NH: Yes. Moving on to the Northern Ireland Office in 2012 – did you know that the move was coming? Was it a job that you had wanted?

TV: I had been in regular discussion with any contacts I had at Number 10 as to whether there was a chance of me going into cabinet. I was starting to get a positive impression that the prospects looked OK. Nobody had ever talked about any particular post, but the Northern Ireland brief was one I had thought might possibly be one that they would consider me for. I am not quite sure why I did that, but certainly before reshuffles you tend to consider and look at the different roles that they might conceivably be reshuffling, so that was one that I had considered.

NH: It is quite a different sort of department to DfT; less operational and more about relationships and bridge-building between Westminster and Northern Ireland. How did you get your head around the new brief and also being a secretary of state?

TV: I felt that transition was not that difficult actually. It was far easier than the transition from opposition to government. When I arrived they gave me the whole transition set of papers, including a history of the island of Ireland from 1171, which says a lot! Some people think that is when the trouble started and others say it is much earlier than that. I was certainly relatively cautious at first in terms of saying anything in public, but right from the start I enjoyed the role. I found it really interesting and it was great to be at the higher level. There are lots of ways in which DfT and Northern Ireland are different, not least that the Northern Ireland Office is tiny in comparison to other government departments and it was good to get to know some good people they have working there. So it was, as I say, a much easier transition than the previous one I had taken on.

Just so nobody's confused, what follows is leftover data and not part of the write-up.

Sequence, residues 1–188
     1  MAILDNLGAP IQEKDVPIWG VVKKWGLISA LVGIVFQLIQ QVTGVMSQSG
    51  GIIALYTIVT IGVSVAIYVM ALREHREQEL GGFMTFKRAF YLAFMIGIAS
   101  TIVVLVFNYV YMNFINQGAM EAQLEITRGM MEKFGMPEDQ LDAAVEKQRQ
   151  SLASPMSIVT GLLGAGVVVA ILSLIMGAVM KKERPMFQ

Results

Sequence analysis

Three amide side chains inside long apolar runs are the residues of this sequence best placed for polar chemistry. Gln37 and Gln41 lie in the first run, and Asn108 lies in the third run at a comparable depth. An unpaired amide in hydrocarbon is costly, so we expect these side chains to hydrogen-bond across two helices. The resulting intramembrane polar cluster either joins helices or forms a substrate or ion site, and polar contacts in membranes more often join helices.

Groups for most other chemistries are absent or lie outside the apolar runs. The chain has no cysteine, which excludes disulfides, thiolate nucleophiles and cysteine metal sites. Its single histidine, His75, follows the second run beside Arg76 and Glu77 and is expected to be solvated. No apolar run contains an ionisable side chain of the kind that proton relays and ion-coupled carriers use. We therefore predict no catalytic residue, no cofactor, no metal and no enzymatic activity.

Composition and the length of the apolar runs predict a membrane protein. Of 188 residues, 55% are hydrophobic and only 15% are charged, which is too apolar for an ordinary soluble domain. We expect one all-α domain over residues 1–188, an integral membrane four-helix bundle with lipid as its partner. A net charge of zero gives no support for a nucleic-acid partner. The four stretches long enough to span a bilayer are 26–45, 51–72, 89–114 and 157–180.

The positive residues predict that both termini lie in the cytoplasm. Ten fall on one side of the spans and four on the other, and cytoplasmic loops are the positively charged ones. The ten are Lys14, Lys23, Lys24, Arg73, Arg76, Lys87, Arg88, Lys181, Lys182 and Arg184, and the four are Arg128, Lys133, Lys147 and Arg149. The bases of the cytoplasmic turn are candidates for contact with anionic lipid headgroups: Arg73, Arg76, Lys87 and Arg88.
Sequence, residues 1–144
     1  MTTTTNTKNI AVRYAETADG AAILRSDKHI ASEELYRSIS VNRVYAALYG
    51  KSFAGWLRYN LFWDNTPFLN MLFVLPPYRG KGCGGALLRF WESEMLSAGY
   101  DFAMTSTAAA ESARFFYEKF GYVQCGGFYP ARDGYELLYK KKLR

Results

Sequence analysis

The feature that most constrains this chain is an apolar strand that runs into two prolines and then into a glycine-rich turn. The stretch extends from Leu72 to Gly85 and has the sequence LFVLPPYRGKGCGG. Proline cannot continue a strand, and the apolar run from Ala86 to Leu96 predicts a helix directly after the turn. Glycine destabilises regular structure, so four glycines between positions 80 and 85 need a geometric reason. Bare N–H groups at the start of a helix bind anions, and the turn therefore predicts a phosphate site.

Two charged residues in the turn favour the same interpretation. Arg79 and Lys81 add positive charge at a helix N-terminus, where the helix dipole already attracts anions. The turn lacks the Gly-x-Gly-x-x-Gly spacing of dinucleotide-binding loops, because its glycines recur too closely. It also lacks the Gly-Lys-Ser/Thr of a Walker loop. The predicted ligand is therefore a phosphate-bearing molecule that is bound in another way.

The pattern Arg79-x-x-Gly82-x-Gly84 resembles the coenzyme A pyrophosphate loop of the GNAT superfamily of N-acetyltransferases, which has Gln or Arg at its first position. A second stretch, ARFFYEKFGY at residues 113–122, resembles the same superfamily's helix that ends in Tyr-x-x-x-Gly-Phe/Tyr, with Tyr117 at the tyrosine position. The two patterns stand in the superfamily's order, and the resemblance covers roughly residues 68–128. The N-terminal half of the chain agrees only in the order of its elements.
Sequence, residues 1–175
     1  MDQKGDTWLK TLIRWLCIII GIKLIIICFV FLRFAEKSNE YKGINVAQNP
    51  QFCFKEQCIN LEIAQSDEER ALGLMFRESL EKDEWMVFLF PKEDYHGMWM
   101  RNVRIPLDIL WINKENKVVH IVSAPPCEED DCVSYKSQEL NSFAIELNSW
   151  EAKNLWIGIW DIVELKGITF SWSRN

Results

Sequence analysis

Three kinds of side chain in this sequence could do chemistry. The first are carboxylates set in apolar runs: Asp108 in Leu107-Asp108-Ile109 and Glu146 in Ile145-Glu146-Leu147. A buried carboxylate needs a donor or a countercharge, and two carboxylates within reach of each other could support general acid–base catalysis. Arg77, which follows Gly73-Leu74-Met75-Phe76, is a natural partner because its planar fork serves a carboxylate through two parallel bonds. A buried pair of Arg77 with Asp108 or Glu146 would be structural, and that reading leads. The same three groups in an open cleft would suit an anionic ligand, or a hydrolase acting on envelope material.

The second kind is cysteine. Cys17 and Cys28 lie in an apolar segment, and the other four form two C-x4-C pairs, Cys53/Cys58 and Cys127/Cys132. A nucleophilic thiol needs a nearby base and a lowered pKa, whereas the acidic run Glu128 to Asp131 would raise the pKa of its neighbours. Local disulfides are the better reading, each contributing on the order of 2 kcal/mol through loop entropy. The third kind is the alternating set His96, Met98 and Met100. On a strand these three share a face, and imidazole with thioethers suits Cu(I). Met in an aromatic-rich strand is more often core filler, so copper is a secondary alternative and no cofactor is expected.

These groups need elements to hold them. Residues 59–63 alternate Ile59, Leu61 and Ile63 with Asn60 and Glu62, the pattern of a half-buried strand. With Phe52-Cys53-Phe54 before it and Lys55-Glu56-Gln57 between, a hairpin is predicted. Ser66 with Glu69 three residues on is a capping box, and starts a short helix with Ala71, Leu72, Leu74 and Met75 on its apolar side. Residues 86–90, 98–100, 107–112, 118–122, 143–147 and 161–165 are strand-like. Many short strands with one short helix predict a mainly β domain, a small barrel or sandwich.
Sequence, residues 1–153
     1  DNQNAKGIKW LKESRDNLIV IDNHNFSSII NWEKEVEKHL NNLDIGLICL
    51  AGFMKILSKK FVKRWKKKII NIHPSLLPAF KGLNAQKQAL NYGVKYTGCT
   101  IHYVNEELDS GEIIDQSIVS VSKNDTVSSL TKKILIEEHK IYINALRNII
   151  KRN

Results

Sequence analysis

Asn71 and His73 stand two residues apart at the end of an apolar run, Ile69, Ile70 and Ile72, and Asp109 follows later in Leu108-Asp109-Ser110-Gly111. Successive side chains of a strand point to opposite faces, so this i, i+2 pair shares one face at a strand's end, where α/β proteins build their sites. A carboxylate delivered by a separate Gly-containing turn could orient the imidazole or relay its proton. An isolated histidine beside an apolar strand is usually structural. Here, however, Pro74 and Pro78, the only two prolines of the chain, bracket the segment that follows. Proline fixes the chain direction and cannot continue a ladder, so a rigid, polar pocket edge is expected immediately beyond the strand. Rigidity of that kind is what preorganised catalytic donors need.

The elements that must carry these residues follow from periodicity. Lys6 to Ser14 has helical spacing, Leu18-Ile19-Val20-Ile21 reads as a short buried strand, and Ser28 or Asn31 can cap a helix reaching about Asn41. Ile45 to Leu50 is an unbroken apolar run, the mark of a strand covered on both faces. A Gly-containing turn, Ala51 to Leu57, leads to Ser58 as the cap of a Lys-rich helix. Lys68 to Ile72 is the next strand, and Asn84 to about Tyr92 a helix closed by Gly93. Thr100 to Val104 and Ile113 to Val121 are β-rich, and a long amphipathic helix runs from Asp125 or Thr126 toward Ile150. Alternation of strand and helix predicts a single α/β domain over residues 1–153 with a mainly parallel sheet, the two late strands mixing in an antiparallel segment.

"When I arrived they gave me the whole transition set of papers, including a history of the island of Ireland from 1171, which says a lot!"

NH: And although they are quite different departments, what would you say are the key differences between a minister of state role and a secretary of state role?

TV: Well you have the ultimate responsibility for the activities of the department as a secretary of state. How do I best describe this? As a minister of state, you can, depending on the department, get quite a lot of responsibility, but ultimately you are working for the secretary of state and so you can frequently be over-ruled. That didn’t happen a huge amount of the time at DfT. But as a secretary of state, yes you can get over-ruled by the prime minister occasionally, but it’s a very different role. You have the chance to make judgements and take decisions in a way which you just don’t as a minister of state.